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Travel Suspended Between U.S. and 26 European Nations

An American Airlines Boeing 787 at LAX (Photo: AirlineGeeks | Ben Suskind)

In an Oval Office address to the nation on March 11, U.S. President Donald Trump announced the suspension of travel between the U.S. and Europe for 30 days in an effort to curb the spread of the coronavirus outbreak. The new travel restrictions will go into effect on Friday at midnight. The new restriction on travel does not include the U.K., which is no longer a member state of the European Union.

The new restrictions apply to most foreign nationals who have been in the Schengen area in the last 14 days according to the Department of Homeland Security. The travel restriction does not apply to permanent U.S. residents and immediate family members of U.S. citizens. 

All affected nations are members of the Schengen area. Schengen is a collection of countries on mainland Europe where there are no border or passport checks. This includes 26 European states: Austria, Belgium, Czech Republic, Denmark, Estonia, Finland, France, Germany, Greece, Hungary, Iceland, Italy, Latvia, Liechtenstein, Lithuania, Luxembourg, Malta, Netherlands, Norway, Poland, Portugal, Slovakia, Slovenia, Spain, Sweden, and Switzerland. 

American Airlines confirmed to AirlineGeeks that this new directive will impact approximately 14 to 15 daily flights to seven airports in five countries within the Schengen area including France, Germany, Netherlands, Spain and Switzerland. Flights affected are scheduled to depart from multiple U.S. hubs including Dallas/Fort Worth, Miami, New York JFK, Philadelphia and Charlotte.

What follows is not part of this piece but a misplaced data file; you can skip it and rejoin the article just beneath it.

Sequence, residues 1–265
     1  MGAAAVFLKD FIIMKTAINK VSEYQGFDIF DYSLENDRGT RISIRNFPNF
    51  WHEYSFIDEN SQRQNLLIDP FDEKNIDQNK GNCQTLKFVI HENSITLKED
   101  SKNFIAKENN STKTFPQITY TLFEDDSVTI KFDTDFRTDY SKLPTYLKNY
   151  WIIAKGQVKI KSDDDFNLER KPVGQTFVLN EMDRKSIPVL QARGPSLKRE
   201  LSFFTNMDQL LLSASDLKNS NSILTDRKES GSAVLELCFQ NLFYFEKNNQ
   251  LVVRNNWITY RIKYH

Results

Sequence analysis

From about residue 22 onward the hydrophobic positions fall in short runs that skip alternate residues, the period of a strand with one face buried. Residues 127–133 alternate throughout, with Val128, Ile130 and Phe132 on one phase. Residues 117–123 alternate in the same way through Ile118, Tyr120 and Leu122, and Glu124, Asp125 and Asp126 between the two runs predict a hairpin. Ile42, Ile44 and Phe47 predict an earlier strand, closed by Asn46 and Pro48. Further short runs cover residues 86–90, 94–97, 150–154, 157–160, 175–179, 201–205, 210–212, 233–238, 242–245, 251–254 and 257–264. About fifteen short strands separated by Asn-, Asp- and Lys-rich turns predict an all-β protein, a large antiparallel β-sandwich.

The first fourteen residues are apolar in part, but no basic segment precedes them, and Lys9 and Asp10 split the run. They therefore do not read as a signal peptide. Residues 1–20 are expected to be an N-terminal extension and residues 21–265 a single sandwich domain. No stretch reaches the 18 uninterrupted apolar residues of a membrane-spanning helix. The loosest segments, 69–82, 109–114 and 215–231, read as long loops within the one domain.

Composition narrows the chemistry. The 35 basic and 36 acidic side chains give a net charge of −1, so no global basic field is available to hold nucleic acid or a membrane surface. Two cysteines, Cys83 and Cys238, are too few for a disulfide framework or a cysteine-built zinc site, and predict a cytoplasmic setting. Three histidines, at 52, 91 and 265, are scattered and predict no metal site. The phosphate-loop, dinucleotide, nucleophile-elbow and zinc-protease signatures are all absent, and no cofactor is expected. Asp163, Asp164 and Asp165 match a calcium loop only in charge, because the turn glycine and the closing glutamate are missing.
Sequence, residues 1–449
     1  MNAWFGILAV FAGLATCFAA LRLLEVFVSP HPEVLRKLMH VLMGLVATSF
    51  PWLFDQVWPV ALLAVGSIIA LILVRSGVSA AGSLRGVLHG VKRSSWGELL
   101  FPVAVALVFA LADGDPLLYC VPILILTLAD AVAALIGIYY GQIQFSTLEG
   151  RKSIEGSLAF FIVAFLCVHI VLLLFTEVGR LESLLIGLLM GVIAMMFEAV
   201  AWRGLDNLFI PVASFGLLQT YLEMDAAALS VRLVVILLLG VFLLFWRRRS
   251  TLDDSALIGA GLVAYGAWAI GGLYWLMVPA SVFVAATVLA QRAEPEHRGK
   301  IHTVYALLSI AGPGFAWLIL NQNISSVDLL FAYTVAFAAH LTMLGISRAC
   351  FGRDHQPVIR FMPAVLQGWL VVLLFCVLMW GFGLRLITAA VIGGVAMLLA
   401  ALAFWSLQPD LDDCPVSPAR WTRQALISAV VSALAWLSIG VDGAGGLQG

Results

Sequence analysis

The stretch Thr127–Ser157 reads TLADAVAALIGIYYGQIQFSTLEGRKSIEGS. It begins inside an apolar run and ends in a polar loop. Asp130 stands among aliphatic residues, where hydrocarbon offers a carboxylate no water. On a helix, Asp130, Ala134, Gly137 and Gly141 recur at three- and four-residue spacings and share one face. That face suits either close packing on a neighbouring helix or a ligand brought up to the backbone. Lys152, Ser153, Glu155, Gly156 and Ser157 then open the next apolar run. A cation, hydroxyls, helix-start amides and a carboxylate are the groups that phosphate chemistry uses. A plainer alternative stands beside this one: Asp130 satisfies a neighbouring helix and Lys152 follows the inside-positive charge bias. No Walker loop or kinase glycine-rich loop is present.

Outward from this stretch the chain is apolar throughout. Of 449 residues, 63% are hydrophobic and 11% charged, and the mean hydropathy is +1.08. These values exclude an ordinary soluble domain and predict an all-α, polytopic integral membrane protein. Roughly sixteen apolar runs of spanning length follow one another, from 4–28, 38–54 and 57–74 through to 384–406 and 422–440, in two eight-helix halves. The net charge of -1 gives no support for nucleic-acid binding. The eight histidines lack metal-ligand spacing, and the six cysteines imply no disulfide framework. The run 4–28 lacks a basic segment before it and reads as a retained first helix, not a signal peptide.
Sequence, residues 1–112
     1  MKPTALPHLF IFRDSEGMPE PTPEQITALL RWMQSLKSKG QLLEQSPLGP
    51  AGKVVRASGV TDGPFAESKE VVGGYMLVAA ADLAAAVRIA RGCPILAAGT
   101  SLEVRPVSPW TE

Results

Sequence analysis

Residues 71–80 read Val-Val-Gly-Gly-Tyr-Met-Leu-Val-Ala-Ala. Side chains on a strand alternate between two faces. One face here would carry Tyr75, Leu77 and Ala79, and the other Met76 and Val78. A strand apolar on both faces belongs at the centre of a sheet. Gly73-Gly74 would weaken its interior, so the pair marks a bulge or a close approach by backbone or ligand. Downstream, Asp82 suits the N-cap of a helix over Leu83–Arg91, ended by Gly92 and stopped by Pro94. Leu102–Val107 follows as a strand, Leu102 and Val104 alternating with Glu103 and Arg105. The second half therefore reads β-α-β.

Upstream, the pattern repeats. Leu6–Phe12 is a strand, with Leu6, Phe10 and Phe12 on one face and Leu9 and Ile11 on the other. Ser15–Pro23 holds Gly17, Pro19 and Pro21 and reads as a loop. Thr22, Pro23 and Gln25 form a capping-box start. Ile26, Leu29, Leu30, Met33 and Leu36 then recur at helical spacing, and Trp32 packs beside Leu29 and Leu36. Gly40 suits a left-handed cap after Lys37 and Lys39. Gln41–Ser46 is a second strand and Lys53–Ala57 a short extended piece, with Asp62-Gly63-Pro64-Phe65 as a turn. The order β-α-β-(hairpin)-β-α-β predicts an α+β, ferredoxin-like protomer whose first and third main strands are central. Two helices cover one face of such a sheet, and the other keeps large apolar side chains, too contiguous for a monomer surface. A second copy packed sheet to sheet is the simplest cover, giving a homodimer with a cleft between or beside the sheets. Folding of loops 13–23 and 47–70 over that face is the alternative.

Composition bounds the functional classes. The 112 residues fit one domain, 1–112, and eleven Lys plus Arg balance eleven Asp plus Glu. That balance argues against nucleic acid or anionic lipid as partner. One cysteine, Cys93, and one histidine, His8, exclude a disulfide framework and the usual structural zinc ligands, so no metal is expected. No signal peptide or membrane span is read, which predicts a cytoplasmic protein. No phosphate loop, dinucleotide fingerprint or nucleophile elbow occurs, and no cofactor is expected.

The airline said: “We are in contact with the federal government to understand and comply with this directive. The health and safety of our customers and team members remain our highest priority.”

Delta Air Lines released a similar statement to American, saying: “Delta has and will continue to quickly make adjustments to service, as needed, in response to government travel directives.”

The directive issued by the U.S. government does not restrict aircraft registered in the listed nations from entering U.S. airspace, but crews, in addition to passengers, from the 26 nations listed would not be let in the country. This could create a logistical nightmare for airlines and may lead to route suspensions. 

As of midnight on March 12, no airlines have formally announced any changes to European flight schedules as a result of the new restrictions, however, this is expected to soon change. 

British Airways is suspending its famed Airbus A318 BA1/2 service between New York-JFK and London City as of March 25. The service is scheduled to resume on Sept. 1, 2020, but this date is subject to change.

Mateen Kontoravdis


  • Mateen Kontoravdis

    Mateen has been interested in aviation from a very young age. He got his first model airplane at six and has been airplane spotting since he was nine years old. He has always had a passion for aviation and loves learning about different aspects within the industry. In addition to writing for AirlineGeeks, Mateen is also an editor for his high school’s newspaper. You can also find him on Instagram (@Plane.Photos) where he enjoys sharing his aviation photography with thousands of people everyday.

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